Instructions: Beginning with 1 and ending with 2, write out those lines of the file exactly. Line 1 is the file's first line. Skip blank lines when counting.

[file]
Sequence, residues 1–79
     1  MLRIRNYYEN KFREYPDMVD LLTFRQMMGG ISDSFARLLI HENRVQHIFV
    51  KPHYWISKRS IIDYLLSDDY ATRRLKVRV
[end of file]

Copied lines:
Sequence, residues 1–79
     1  MLRIRNYYEN KFREYPDMVD LLTFRQMMGG ISDSFARLLI HENRVQHIFV